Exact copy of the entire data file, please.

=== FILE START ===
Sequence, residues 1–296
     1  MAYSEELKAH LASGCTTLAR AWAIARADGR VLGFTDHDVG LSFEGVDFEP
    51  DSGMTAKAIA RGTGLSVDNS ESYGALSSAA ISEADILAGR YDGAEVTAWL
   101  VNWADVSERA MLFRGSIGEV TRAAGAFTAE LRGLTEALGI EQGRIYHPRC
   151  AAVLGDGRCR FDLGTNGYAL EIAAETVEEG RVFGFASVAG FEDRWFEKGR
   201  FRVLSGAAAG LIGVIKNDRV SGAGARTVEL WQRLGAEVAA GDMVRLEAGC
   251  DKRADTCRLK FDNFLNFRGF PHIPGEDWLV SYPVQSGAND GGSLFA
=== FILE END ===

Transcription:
Sequence, residues 1–296
     1  MAYSEELKAH LASGCTTLAR AWAIARADGR VLGFTDHDVG LSFEGVDFEP
    51  DSGMTAKAIA RGTGLSVDNS ESYGALSSAA ISEADILAGR YDGAEVTAWL
   101  VNWADVSERA MLFRGSIGEV TRAAGAFTAE LRGLTEALGI EQGRIYHPRC
   151  AAVLGDGRCR FDLGTNGYAL EIAAETVEEG RVFGFASVAG FEDRWFEKGR
   201  FRVLSGAAAG LIGVIKNDRV SGAGARTVEL WQRLGAEVAA GDMVRLEAGC
   251  DKRADTCRLK FDNFLNFRGF PHIPGEDWLV SYPVQSGAND GGSLFA